|The NZMCA park is adjacent to Taupo airport where at least two skydiving firms operate from. On Saturday there were lots of tandem skydivers; judging by the yelling and cheers, they were enjoying falling out of the sky ...|
On Sunday we roused ourselves and decided we needed to get back in to the human race again. So we headed out to Orakei Korako - if you are coming to NZ and if you do one thermal area, make it this one. It is compact, stunning and well run. As Al from Derwent 6 said 'you know you've had a good time when it's 11am and you've already taken 137 photos.' Al and Del stayed in the carpark the night before and were on their own. When we arrived the carpark was heaving, about 20 motorhomes and only a few cars.
|And there were more motorhomes on the left side of the carpark.|
|I think this piece is called the Artist's Palette - very very hot all over it, so it's strictly stay on the boardwalk!|
|A boiling pool in the middle and the silica flow from the section above.|
|Hot, hot, hot|
|Look closely and you can see that the mud is boiling.|
|Some welcome shade on the way round - it is a few degrees hotter on the thermal area than it is across the lake at the carpark and cafe.|
I had forgotten how up and down the paths are - lots of steps but well-established boardwalks pretty much everywhere. As we got to the cave at the bottom, I saw a little dog that seemed very familiar. Then the man looked at me and pointed (I had already done my 'Hello, good dog' welcome ). It was Dave and Kelly who had been parked up at Tongaporutu a couple of weeks prior. Reconnecting with familiar faces was just what we needed at that time.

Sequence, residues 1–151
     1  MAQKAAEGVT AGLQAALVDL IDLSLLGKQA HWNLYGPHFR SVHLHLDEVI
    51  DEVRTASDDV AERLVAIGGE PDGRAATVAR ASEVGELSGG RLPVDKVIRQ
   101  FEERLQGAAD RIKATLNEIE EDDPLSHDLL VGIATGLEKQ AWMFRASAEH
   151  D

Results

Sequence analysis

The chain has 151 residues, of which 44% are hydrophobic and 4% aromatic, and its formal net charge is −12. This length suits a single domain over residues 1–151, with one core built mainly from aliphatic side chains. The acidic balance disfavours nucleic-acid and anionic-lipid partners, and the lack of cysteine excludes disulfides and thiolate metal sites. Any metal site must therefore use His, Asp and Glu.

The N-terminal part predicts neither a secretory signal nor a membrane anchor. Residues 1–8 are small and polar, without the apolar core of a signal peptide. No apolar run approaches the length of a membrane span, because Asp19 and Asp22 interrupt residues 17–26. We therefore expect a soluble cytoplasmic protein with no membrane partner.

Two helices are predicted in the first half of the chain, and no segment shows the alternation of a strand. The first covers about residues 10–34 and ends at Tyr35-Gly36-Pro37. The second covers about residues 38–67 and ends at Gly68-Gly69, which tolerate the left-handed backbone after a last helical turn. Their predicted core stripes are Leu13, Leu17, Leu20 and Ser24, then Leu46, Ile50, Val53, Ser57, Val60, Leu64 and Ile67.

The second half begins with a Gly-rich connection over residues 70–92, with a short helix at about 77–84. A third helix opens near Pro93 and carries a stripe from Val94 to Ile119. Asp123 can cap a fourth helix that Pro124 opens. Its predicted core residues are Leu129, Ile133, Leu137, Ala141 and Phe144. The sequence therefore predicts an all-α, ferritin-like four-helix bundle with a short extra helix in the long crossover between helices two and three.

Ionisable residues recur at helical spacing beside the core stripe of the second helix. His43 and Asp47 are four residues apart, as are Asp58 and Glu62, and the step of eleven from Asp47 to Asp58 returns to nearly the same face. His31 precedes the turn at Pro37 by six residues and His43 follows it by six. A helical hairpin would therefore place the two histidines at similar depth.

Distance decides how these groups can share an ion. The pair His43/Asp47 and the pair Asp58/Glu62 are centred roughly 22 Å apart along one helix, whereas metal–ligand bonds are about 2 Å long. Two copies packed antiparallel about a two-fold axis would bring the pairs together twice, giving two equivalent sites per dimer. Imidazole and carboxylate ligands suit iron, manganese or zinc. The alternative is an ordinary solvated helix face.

I sent photos to Lesley whom we had taken there back in 2008 - she recognised it but couldn't remember the name which is not surprising.
We then had a night in a Taupo motorcamp so we could have David's sister Ginny and her husband Graham around for dinner. I had intended to cook it all down by the lake at a DOC site at Whakaipo near Acacia Bay. However the drive from the road was awful - in narrowboat circles we describe shallow water as having the bottom too close to the top. This access track (not a road) had such big humps and hollows and high spots that I described it as having too much of it too close to our undercarriage. So once we arrived (no place to safely turn on the way), I said to David that all I wanted to do was leave ...
So on to the motorcamp where I cooked cheese tart, prepared Thai Beef Salad and had a nana nap.
|The cheese tart was our starter.|
Dinner was a success, and for dessert I conjured up (magic woman, that I am) roasted peaches and pears with whipped cream. There was lots of criticism that we didn't have
a) an electric beater, or
b) a hand beater.
I made do with a whisk, and had to do most if the whipping myself as David doesn't seem to have the knack of getting the air into the cream by lifting the whisk effectively. And, lucky me, I even got to do the dishes myself as David, Ginny and Graham were chatting ... Funny, that.
No photos of Ginny and Graham as I was too busy in the galley ...